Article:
A Rock Bottom Is Subjective

by Kenneth Rayman on November 11, 2018

I recently heard something that caused me to pull off the interstate and do the rough draft of this thought. The speaker on the podcast episode was someone who I’d known of through Jon Vroman’s podcast, the Front Row Factor. When I first heard the gentleman’s story last year it was framed, context wise, with his battle with cancer and his extremely upbeat attitude. Going down the podcast rabbit hole I found his own podcast, Achieve Your Dreams, and found a keynote he mentioned in an episode, right after his cancer diagnosis.

In the keynote, what made me pull over was what he talked about with happenstance in life and the rock bottom concept. He defined a rock bottom “as a moment where we’ve experienced a level of adversity that we’ve never experienced before.” He would later talk about his car wreck at 20 that almost paralyzed him. It reminded me of learning about Brendon Burchard’s car wreck and how they both looked at the wreck as a pivotal moment in their lives, not to sulk but a reminder of the fragility of life and the ability to choose the course of it. I thought about my own rock bottoms for a moment thinking “yeah, everyone’s rock bottom is different comparatively, but my rock bottoms haven’t involved a car wreck where, like Brendon, I’m staring a moonlit glistening pool of blood surrounded by broken glass. My rock bottoms couldn’t even meet Hal’s definition most of the time.” My rock bottoms have been crisis’ of confidence because I was focused on end goals that didn’t define happiness for me but they were deemed success so I was chasing something false and elusive. My rock bottoms were that way because I hadn’t gotten the tools yet to have a better mindset through having a better environment, better outlook, and most importantly self awareness.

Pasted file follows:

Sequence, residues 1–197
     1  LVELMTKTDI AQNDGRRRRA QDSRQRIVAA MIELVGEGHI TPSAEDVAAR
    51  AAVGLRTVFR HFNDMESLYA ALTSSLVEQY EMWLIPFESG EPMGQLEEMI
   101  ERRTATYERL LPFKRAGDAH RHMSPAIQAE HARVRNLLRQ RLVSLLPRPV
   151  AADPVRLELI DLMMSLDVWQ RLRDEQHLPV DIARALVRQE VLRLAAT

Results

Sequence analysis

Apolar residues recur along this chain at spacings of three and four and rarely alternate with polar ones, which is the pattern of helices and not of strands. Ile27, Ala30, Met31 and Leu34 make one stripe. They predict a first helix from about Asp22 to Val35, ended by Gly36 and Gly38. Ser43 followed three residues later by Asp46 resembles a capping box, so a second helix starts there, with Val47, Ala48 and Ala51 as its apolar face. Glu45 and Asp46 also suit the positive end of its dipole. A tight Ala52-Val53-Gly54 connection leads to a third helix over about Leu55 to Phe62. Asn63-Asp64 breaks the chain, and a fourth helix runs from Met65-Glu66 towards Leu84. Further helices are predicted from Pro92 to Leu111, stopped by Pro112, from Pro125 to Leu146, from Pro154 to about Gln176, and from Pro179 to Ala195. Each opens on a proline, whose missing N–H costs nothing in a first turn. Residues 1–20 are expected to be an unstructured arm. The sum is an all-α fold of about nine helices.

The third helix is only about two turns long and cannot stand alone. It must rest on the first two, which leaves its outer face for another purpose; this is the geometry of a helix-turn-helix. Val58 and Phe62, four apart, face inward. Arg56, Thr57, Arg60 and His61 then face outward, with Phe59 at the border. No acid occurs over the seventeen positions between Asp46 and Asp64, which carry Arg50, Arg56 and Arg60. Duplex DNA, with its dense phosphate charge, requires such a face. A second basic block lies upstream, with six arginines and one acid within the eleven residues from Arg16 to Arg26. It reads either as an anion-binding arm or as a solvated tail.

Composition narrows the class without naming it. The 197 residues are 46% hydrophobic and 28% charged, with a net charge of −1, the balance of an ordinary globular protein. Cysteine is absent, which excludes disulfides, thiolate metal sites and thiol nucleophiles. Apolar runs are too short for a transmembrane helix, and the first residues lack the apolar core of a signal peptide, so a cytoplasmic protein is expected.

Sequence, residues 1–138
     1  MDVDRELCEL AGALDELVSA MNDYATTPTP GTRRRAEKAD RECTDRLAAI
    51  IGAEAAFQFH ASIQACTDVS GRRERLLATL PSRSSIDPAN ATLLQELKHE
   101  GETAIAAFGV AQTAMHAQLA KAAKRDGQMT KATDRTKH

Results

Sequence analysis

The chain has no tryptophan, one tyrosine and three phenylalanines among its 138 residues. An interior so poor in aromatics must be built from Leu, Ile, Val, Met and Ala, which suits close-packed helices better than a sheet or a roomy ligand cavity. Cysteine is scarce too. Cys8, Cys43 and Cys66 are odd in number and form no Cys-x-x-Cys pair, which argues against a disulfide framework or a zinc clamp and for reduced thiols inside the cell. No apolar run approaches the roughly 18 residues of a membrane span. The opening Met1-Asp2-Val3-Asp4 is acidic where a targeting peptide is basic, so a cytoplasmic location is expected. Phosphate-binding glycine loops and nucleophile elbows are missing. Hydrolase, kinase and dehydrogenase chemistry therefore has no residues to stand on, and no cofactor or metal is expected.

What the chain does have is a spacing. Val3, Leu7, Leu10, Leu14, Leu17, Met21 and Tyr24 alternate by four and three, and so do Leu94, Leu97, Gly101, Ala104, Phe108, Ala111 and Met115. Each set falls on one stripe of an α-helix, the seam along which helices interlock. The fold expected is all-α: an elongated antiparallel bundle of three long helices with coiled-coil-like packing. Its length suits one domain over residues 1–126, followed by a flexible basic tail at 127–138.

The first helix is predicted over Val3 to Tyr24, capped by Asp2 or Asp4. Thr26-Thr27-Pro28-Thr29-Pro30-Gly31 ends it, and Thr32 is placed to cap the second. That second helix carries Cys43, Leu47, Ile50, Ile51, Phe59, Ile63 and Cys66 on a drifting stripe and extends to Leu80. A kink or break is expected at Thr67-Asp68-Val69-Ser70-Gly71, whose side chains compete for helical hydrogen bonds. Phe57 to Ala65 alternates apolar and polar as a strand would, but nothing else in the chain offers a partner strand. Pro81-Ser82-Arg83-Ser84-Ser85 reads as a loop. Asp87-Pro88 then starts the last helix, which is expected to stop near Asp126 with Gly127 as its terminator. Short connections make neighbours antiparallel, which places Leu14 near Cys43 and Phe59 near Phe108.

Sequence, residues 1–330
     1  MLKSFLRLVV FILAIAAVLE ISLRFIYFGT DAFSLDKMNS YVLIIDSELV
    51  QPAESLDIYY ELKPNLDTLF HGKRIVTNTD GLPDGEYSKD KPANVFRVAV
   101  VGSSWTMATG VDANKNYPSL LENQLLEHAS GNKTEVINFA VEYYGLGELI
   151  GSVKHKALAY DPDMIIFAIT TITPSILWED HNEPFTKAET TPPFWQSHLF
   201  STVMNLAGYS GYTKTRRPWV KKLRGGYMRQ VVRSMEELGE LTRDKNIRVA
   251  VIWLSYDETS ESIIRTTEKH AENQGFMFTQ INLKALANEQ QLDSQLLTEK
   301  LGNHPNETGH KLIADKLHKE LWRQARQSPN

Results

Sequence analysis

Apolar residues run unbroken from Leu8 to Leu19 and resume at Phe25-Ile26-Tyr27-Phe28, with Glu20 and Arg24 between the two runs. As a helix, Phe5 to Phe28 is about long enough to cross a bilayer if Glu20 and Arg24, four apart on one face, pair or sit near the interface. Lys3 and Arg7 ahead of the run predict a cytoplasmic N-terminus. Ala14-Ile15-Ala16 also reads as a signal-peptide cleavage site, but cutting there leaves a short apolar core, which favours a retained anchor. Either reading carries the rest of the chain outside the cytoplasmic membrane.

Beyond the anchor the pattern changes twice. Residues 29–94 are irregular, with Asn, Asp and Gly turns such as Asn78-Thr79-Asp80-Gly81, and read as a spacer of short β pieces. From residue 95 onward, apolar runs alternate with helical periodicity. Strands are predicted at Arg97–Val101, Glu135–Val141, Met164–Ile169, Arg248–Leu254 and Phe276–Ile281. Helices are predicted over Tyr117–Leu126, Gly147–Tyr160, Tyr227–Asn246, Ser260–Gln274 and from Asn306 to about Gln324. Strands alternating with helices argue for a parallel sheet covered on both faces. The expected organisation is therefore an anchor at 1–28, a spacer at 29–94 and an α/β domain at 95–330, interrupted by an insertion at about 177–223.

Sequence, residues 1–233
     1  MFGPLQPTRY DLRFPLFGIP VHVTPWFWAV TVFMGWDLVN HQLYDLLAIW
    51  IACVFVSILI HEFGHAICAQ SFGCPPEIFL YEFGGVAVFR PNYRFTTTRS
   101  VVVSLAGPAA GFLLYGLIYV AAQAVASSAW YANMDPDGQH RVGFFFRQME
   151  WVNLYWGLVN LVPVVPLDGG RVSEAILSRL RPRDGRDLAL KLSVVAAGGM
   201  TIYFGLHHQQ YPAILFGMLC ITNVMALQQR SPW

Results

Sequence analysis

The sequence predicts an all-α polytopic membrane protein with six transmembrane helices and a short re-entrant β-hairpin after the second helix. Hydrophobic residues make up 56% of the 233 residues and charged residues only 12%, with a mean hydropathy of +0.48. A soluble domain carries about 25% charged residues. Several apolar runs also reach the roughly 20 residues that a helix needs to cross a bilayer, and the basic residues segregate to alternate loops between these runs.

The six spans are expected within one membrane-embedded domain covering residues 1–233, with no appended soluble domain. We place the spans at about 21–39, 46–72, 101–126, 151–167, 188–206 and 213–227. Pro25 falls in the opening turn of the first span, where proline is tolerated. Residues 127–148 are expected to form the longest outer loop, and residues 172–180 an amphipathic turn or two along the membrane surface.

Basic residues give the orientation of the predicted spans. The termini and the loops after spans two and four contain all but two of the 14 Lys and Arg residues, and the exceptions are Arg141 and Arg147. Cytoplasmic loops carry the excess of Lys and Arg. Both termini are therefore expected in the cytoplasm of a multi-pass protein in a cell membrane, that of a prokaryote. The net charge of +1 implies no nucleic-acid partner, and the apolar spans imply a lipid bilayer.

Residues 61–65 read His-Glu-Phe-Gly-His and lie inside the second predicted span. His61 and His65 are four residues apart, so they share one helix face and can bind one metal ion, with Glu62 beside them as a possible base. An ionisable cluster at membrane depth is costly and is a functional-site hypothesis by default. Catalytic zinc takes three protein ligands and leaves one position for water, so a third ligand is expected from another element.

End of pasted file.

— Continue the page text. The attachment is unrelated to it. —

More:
Hal’s next keynote expanded on this rock bottom concept as the first had a different context with the audience and conference. In the second keynote he detailed excruciatingly the amount of personal uphill battles he fought with his cancer and I felt for him having had 15 years of medical crises’ in the family and personally. He detailed more about his car wreck too and his financial rock bottom after the crash of 2008. His car wreck and cancer diagnosis showed me again that life was fragile and you should do what makes you happy and, with it, bring value to the world. The financial rock bottom story showed me that like my rock bottoms, which fit the bill of never having the resources, money, or “opportunities I saw others have,” mindset was the one currency that I had that could’ve drove results and had I listened to my heart I could’ve better positioned myself with the right environment, right people and right conditions that helped foster my interests to bring opportunities. “Mindset is everything” seems so trite but it leads to so many opportunities if you don’t allow yourself to expect immediately results. Focusing on how you want to feel and taking action that, whether its talking to people about your passion, asking how you can help with another’s passion should yours align (not expecting a quick yes or turnaround), or actively doing your passion above all else (without ignoring basic needs like food and/or sleep), is the ultimate currency that you control yourself.

Like Brendon and Hal, I had a health wake up call but not one of immediate dire circumstance. My health wake up call was a lifelong condition that could potentially limit my time on earth at any time, like it had my brother at 36, and I chose that I was now going to live my dreams and share them with the world. The more I work at my craft of writing, storytelling, and speaking, the more I feel like I’m accomplishing a greater good in the world, and focusing on moving forward with it as a way to provide for myself in the future by continually working on it. But therein lays the key, don’t expect anything but be deeply convicted to it.

Hal had inspired me to know that I made the right choice signing up to attend his conference in December, Best Year Ever Blueprint, and be able to know that, like in Mindvalley U, I’m going to be in the company of incredibly driven game changers that want to accomplish goals themselves and help you accomplish yours and I’ll be able to reciprocate.